Armed Forces (Special Powers) Act (AFSPA)

Recently, the Government of Tripura,India, lifted the Armed Forces (Special Powers) Act (AFSPA) from the state. The act was in power for the past 18 years. What is the AFSPA? why was it implemented? and why is it being questioned?

The Government (can be either the central government or state government) considers those areas to be disturbed where there are disputes between members of different communities. It could be on the basis of religion, caste, language etc. In these particular areas, the government implements AFSPA. Under this act, if a governor of a union territory or a state feels that his region is disturbed then he/she sends an official notification to the central government to send in troops to help in maintaining the social order. Once the region is declared as disturbed by the governor, it has to maintain a status quo for a minimum of 3 months. The AFSPA was also introduced to tackle militants and insurgents that come up, mainly in states that border other countries. Like the 7 sister states (Tripura, Manipur, Meghalaya, Mizoram, Nagaland, Arunachal Pradesh, Sikkim)

The State government, like that in the case of Tripura can lift the act from enforcement whenever required. But a provision in the act allows the central government to overrule the decision of the State.

In regions where the act is enforced, an officer who is authorized enjoys certain powers. He/she can open fire on any individual if the individual in question violates any laws, the laws are as follows, (1) carrying a weapon, (2) 5 or more individuals gathering in one location. The officer however, has to provide adequate warning before opening fire.

Officer’s also have non-lethal powers like, (1) arresting anyone without a warrant, (2) seize and search any individual or property without a warrant in case of seizing weapons or arresting a suspect. However in this case, individuals who have been arrested have to be handed over to the nearest police station at once. The disadvantage for the people in this case and that for the state too is that the prosecution of an officer can only be carried out with prior permission from the central government.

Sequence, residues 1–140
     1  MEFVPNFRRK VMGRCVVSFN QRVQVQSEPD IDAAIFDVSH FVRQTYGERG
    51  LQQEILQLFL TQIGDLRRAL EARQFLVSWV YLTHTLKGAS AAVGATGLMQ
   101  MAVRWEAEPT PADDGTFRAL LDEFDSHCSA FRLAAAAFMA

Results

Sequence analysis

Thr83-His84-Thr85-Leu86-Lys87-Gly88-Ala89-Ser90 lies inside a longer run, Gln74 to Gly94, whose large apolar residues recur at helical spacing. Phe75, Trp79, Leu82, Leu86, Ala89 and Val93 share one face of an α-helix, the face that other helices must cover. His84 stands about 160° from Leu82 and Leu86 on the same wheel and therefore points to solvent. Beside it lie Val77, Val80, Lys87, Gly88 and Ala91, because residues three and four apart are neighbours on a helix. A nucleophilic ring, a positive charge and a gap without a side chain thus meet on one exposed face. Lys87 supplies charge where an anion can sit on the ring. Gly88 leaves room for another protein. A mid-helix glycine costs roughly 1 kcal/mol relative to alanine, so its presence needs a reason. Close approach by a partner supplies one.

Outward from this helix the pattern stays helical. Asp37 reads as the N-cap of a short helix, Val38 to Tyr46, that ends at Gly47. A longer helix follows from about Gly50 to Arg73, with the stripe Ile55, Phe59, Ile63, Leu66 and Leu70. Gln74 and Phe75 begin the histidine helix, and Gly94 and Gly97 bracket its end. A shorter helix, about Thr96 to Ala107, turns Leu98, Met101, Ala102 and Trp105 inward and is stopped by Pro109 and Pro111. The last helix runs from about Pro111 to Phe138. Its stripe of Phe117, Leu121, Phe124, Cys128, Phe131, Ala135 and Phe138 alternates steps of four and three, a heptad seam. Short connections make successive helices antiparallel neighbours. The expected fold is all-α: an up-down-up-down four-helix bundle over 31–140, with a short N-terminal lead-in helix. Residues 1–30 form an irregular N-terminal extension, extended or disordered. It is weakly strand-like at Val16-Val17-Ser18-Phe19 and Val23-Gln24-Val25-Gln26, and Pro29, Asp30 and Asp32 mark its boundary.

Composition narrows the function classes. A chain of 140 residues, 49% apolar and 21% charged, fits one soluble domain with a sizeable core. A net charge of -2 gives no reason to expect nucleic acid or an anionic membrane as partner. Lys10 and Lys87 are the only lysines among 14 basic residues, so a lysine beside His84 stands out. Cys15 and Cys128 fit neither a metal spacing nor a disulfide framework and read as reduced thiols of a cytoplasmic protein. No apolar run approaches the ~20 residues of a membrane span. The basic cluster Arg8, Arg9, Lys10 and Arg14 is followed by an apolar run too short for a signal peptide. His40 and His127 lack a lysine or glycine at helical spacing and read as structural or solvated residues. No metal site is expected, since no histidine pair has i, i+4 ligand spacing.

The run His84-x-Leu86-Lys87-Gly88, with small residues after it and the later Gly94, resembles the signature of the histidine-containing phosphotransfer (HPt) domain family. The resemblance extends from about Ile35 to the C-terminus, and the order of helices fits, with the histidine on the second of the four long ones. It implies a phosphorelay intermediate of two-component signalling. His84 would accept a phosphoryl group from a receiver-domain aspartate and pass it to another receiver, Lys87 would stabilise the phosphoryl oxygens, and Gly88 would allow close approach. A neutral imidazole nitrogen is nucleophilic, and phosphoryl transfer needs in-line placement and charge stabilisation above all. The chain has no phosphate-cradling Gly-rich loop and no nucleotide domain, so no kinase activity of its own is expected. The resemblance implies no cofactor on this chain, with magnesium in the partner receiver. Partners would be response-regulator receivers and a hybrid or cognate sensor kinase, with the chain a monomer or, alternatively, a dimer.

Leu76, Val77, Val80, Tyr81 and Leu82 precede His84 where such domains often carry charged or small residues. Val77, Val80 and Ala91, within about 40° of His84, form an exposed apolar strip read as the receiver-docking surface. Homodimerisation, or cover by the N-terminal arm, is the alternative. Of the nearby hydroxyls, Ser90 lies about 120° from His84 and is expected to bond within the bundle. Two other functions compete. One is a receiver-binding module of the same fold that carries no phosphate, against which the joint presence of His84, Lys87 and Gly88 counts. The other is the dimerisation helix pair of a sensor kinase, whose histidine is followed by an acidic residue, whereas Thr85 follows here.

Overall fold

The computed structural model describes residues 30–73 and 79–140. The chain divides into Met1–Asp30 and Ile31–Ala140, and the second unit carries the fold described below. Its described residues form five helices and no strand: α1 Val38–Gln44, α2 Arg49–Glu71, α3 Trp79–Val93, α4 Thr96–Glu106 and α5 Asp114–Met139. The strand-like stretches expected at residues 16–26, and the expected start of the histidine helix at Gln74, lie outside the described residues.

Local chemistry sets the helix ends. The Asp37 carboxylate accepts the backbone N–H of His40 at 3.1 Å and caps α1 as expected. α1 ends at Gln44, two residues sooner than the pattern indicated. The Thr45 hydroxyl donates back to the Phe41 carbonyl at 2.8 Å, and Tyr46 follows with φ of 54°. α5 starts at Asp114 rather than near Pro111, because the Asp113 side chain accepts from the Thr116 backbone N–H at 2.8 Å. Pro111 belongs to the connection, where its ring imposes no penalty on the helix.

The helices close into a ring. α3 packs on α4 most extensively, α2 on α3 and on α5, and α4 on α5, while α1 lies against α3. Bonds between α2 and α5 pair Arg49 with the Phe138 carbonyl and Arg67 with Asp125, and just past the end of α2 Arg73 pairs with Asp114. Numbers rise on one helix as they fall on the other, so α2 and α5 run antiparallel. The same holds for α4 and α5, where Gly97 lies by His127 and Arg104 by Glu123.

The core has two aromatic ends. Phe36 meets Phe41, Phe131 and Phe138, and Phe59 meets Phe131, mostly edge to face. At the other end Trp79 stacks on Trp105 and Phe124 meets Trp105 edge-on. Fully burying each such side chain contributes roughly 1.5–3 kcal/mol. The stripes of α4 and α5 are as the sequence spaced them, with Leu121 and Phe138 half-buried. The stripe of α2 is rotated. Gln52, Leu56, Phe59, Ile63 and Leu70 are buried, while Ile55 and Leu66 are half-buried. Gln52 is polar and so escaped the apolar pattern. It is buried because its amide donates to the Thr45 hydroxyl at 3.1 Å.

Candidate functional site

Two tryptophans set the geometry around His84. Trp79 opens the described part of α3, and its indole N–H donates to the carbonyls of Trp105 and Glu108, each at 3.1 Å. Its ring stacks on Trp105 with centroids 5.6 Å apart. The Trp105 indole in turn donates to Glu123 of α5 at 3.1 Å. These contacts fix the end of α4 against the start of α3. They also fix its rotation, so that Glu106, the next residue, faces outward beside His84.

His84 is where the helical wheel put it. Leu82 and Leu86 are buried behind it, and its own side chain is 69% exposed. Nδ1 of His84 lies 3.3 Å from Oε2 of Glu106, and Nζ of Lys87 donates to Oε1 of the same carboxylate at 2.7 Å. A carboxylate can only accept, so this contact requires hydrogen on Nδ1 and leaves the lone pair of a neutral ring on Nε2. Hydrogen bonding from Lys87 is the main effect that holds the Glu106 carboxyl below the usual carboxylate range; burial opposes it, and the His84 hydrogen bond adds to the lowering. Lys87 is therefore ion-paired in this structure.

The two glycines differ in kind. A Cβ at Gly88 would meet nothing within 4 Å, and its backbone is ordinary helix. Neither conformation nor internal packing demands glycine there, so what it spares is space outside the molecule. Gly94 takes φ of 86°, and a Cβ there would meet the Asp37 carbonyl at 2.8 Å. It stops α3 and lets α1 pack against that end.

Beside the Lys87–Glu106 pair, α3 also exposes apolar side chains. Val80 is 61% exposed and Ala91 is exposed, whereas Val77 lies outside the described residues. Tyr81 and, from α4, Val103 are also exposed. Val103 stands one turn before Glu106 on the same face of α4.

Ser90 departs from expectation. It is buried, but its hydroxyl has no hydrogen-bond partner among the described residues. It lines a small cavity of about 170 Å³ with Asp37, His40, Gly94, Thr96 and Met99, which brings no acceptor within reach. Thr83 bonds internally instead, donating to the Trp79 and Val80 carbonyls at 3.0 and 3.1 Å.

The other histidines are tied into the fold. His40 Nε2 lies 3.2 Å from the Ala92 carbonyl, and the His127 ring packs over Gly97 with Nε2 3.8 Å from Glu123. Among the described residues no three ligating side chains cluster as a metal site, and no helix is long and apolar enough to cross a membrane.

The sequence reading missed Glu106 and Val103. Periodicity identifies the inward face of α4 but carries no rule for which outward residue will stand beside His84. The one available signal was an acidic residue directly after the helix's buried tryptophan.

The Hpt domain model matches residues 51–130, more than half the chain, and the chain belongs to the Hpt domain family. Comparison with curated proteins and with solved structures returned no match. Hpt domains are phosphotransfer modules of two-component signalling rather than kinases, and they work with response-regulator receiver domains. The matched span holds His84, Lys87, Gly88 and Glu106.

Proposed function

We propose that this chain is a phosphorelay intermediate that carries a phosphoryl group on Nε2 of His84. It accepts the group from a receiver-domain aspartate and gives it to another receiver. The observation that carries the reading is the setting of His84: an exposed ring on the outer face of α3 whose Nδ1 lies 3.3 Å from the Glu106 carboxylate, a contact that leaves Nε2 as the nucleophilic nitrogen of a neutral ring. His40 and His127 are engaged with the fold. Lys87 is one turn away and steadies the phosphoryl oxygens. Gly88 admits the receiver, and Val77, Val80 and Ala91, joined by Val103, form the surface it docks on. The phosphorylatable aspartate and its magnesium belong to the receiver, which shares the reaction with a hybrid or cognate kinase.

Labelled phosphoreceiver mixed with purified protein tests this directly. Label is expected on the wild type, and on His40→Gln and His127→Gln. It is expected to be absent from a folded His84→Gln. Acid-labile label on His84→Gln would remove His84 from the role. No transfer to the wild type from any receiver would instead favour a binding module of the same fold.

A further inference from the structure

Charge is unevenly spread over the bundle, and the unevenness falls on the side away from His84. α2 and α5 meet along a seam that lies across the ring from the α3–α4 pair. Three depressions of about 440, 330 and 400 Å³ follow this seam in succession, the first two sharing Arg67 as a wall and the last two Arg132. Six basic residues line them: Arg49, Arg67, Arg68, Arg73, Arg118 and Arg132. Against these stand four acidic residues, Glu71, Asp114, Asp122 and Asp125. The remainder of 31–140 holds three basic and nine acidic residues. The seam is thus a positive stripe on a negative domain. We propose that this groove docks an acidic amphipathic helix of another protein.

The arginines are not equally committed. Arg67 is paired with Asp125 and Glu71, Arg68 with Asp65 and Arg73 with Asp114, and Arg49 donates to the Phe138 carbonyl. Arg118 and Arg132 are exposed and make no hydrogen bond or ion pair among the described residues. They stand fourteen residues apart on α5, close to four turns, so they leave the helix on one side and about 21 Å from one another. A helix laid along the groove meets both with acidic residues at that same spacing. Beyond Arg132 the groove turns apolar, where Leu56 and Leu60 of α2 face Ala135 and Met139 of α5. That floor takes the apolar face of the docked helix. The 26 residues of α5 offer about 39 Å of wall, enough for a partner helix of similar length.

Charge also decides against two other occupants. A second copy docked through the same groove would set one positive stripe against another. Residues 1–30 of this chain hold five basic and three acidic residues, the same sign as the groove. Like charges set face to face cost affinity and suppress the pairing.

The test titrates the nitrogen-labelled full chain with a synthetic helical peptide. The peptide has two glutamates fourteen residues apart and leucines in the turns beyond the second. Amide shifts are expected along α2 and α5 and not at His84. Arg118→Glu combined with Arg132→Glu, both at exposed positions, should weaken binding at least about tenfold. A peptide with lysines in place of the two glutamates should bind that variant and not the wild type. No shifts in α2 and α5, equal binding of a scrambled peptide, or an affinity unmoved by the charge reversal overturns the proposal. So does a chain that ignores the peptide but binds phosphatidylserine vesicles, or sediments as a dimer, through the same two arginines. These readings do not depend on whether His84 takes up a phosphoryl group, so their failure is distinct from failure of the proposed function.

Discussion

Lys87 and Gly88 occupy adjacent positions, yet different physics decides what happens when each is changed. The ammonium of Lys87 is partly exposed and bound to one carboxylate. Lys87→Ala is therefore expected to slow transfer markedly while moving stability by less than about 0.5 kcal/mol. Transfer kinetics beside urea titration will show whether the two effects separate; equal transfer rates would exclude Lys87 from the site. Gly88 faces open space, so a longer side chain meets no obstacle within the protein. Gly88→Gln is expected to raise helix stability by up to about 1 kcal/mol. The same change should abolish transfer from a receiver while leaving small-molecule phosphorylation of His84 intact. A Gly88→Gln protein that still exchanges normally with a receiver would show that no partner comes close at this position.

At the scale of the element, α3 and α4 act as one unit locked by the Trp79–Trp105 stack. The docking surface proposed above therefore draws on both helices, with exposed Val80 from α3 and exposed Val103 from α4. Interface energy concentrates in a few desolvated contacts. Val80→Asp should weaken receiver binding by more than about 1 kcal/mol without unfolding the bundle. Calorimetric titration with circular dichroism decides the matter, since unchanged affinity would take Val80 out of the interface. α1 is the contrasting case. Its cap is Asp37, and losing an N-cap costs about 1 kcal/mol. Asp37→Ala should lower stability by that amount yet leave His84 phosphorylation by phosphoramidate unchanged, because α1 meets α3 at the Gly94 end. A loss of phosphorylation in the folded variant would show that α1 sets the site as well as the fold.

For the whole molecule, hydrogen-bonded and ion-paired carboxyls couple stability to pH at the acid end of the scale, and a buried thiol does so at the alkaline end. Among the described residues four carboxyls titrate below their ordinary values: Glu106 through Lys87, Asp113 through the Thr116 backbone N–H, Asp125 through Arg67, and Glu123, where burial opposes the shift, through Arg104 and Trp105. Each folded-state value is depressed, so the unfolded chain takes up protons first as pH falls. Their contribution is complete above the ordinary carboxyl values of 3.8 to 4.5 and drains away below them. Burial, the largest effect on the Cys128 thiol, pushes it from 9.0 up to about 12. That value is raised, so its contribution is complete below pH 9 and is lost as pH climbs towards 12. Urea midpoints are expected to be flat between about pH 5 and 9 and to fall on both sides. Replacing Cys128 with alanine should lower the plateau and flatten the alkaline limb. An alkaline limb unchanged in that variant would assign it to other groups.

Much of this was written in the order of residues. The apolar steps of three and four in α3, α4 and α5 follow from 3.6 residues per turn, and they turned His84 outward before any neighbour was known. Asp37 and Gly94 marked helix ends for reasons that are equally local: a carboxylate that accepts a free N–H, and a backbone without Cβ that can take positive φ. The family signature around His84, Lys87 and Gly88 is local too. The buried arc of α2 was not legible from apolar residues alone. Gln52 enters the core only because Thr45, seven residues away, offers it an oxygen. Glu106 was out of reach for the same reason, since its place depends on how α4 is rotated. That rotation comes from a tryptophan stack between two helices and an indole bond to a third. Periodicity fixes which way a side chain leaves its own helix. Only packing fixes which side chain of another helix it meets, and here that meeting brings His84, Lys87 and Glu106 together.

Many questions have been raised against the AFSPA. Including that of human rights violations as it seems to give the armed forces the ‘right to kill.’

The implementation of the AFSPA and declaring a region as disturbed cannot be challenged by anyone in the court of law. Even though ‘law and order’ is a state subject list (Subject list means topics or areas of power that are defined by the constitution which separates them from the state and center so that there is no infringement or conflicts and give a clear jurisdiction.). This has been the most critical issue of the arguments against AFSPA other than human rights violations. Though states can lift the act at any time, the decision can be overruled by the center as stated above.

Armed Forces (Special Powers) Act has been for many years and currently being debated over and has received criticisms and defense. The AFSPA may be a ‘necessary evil’ as it is required to maintain the law and order of states that are not capable of maintaining it independently, but it is also a bane for the people if not used for the purpose it was introduced for and will curb the rights of the people.

Priyamvad Rai

Advertisements

One thought on “Armed Forces (Special Powers) Act (AFSPA)

Leave a Reply

Fill in your details below or click an icon to log in:

WordPress.com Logo

You are commenting using your WordPress.com account. Log Out / Change )

Twitter picture

You are commenting using your Twitter account. Log Out / Change )

Facebook photo

You are commenting using your Facebook account. Log Out / Change )

Google+ photo

You are commenting using your Google+ account. Log Out / Change )

Connecting to %s